hi Jack, Paul Easton, I am an atheist, but not particularly angry, I don’t go on ego-trips or ‘inflate myself’ when debating theology, so I’ll take the bait and respond here. I do get worked up when spirituality and religiosity get in the way of common sense, but for the most part I engage the topic with an open mind & humor, both as a coping mechanism and as a way to build bridges.
of course no one over the age of 10 believes God to be a bearded man on a cloud. By then, kids learn as much about gravity and the consistency of water vapor — in science (!) class. This “maturing” of the God view, however, doesn’t legitimize either spirituality or organized religion. By the age of 10, the indoctrination is difficult to reverse, and while the individuals raised religious may evolve their image of God, they will be too locked into their family’s shared beliefs or their church-community obligations to be able to fully shed/renounce those beliefs. That is the vicious generational cycle of religion — get ’em hooked early, and they’ll never leave.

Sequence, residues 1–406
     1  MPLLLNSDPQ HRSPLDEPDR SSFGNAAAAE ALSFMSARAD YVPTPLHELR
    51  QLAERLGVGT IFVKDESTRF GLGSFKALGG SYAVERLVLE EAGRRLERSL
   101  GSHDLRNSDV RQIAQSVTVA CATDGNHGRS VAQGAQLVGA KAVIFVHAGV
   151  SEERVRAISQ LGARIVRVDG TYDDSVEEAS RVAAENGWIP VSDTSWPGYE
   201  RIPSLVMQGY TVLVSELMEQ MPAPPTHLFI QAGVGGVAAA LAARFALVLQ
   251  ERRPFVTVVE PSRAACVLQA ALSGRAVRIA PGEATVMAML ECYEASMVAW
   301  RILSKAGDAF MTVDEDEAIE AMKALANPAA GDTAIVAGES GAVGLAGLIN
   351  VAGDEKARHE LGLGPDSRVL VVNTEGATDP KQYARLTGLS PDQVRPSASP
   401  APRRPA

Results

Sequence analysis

Except for a lucky few …
This leads to the realization that there are 2 kinds of atheists:
- those raised without any religion
- those who come around to a non-religious view later in life
I happen to be of the former category, hence I feel no pride, no superiority in my being atheist, I am just “eternally” grateful to my parents for not saddling me with that baggage. If anyone, it is the latter category of atheists who have the right to claim an intellectual higher ground.
Jack I also read your other, locked piece just now, the one that mentions the Tao Te Ching. I don’t think any belief system is unique in this — all religions have some version of the same “obfuscation narrative” (I just came up with this but it has a nice ring to it), that (a) our God is the best, but (b) we humans don’t have the capacity to fully understand him so let’s not even try.